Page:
Better Photos During the Holidays

The holidays are upon us. Friends and families will be gathering, kids playing, and grandpa will be asleep in his favorite armchair. These are the moments and people that you want to remember forever. It seems everyone has a camera on them at all times to capture these moments, but you want your photos to stand out. Take photos worthy of social media (or better yet, an actual photo album) with these easy tips.


Photography is all about light. Low light can spell disaster for your photos. These tips will help during those low light moments.

  • Hold your camera steady. Try propping your camera on counter, chair back, someone’s back or some other fixed object. Hold it tightly with both hands and remain still.
  • Use available light. Move your subjects close to a window for natural light, or position them so that a nearby lamp shines on their faces instead of the back of their heads. Tap the screen to make sure the camera is focused and exposing for your subject’s faces.
  • If you have manual settings for your camera, increase the ‘ISO’ setting. This increases how sensitive your camera’s sensor is to light. Be careful though, because the higher the ISO, the more grainy your pictures will become.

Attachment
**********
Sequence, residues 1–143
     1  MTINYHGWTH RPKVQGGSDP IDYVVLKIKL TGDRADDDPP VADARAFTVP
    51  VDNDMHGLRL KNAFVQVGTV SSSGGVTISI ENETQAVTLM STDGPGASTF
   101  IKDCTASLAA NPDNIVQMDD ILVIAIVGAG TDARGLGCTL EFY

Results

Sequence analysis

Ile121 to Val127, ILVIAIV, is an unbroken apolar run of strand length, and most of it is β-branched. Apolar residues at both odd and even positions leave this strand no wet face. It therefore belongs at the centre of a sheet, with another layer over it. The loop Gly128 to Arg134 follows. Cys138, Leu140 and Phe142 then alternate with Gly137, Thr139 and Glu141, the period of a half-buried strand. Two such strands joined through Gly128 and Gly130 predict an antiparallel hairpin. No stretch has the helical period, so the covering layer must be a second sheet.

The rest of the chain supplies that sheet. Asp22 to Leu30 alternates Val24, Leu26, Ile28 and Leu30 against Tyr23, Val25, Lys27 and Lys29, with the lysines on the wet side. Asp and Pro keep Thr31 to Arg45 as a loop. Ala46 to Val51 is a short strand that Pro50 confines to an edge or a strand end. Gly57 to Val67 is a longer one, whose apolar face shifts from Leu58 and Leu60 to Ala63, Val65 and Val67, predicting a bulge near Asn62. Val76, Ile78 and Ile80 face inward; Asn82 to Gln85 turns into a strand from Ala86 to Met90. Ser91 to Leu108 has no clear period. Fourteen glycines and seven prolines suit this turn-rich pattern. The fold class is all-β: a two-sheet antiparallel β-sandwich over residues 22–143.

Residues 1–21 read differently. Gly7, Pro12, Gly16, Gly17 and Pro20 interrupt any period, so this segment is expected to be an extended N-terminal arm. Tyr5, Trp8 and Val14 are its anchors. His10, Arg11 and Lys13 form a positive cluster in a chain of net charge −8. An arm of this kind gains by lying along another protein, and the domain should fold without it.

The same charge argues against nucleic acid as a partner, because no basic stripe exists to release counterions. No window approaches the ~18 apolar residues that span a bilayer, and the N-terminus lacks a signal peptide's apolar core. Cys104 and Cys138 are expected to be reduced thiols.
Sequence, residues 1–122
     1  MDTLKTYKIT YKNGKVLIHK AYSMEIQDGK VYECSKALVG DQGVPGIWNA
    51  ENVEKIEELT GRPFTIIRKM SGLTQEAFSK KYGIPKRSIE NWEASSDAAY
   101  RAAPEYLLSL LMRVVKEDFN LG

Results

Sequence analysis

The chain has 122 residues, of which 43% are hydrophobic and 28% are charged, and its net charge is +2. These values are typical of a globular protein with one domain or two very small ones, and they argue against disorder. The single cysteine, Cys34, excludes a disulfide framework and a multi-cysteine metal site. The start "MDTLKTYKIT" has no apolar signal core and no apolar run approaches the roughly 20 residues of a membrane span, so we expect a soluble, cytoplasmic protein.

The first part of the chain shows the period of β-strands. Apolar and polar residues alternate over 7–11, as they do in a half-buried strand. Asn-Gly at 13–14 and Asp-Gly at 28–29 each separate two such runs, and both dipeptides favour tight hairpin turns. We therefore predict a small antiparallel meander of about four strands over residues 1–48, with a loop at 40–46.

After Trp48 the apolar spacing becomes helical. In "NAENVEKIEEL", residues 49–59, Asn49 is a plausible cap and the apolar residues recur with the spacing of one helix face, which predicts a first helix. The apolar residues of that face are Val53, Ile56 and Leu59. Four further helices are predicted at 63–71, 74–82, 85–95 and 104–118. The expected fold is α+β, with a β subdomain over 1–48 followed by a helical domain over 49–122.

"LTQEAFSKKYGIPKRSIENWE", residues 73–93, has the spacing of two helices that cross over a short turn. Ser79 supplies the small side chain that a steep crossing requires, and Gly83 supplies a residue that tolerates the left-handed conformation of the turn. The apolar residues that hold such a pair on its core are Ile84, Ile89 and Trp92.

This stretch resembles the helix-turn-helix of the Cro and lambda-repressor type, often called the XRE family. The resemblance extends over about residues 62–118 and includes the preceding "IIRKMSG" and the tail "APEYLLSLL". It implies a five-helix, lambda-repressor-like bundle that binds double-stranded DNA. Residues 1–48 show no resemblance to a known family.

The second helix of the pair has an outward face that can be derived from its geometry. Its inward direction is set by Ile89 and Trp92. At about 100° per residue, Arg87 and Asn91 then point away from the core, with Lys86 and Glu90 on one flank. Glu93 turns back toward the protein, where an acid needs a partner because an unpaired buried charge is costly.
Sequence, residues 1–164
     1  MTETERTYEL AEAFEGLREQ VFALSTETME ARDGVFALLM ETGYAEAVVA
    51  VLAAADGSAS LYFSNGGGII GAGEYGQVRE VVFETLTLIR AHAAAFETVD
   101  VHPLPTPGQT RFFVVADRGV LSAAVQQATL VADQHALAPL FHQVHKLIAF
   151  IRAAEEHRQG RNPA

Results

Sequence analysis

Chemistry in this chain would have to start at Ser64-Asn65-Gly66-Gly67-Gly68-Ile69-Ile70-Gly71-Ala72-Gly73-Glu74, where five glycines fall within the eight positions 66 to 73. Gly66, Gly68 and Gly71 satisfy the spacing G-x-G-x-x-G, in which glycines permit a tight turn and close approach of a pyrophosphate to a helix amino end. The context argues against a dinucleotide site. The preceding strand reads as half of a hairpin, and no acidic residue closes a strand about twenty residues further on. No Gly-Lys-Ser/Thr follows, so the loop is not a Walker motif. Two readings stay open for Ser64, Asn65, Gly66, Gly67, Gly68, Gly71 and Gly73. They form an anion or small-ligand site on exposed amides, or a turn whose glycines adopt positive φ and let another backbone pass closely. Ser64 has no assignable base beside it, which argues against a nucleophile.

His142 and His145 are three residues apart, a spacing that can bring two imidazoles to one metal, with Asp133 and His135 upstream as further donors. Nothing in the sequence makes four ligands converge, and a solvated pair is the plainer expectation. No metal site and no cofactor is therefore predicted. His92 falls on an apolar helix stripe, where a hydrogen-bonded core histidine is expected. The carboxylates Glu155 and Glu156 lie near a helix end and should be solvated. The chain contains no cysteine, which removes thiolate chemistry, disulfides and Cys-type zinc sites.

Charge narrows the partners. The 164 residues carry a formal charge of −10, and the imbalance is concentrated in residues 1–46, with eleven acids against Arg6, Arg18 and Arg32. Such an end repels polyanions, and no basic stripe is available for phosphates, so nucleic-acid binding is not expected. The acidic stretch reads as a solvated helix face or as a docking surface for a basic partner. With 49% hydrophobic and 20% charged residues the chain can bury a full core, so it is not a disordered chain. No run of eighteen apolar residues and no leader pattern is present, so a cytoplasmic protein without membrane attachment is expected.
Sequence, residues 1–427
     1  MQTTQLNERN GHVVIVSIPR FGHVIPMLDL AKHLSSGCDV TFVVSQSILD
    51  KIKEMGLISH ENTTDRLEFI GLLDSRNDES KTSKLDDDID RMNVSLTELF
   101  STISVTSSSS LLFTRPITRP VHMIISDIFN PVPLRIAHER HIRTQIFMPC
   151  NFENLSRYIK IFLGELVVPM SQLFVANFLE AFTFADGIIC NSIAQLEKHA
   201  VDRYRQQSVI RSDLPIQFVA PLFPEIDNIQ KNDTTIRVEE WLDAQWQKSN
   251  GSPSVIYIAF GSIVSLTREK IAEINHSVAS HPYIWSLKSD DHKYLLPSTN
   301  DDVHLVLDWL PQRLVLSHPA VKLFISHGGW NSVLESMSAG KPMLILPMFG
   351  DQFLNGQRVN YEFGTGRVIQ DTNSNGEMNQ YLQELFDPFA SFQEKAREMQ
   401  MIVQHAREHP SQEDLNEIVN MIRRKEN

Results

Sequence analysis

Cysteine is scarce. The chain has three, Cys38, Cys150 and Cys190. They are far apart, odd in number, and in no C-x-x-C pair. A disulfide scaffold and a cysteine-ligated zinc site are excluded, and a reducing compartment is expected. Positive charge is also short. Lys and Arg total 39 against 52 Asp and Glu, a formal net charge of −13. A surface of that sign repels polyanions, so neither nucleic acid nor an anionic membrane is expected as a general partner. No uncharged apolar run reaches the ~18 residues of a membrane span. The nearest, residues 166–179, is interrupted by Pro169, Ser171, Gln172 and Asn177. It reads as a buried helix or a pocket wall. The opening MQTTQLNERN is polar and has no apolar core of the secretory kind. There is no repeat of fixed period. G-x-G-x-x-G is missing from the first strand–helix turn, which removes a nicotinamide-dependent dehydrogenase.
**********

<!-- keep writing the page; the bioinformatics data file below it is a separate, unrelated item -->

• Capture the feel of the moment. Sometimes low light situations can express more feeling in your photos. Take a Christmas tree for example. They look amazing in the dark all lit up and sparkly. If you take a picture and use a flash, you lose the magic. Try propping up your camera or using a tripod to take the picture in the dark. Experiment! Instead of a Christmas tree, try a candlelit Thanksgiving dinner table or a snowman under the moonlight.



Photos of people are usually the most meaningful.  Make them look their best with these tips.

  • Get down at kid’s level.  Kids are short but it’s not their fault. Kneel down at their eye level to better see them.
  • Get close.  Don’t be afraid to get close to your subject.  Be aware of other’s personal space though and be sure to turn off your flash.
  • Be a ninja.  Have your camera ready so the subject doesn’t see you coming.  Try to capture and anticipate those unplanned moments and reactions on their faces.
  • Be a director.  Don’t be shy to suggest a pose.  Most people are willing to oblige especially after a few spiked eggnogs.  Adding fun, smiles, and laughter to a photo is a great way to express emotion and get the viewers to have a smile of their own.
  • If you have manual settings on your camera, turn the aperture (usually marked by an ‘A’ on the dial or settings) to a low number, f/4  or lower if possible (this depends on your lens).  Not only does this let more light in through the lens, but it also creates a blurry background, called “bokuh”.  This helps to bring attention to your subject.  It also makes it harder to focus though, so be careful.



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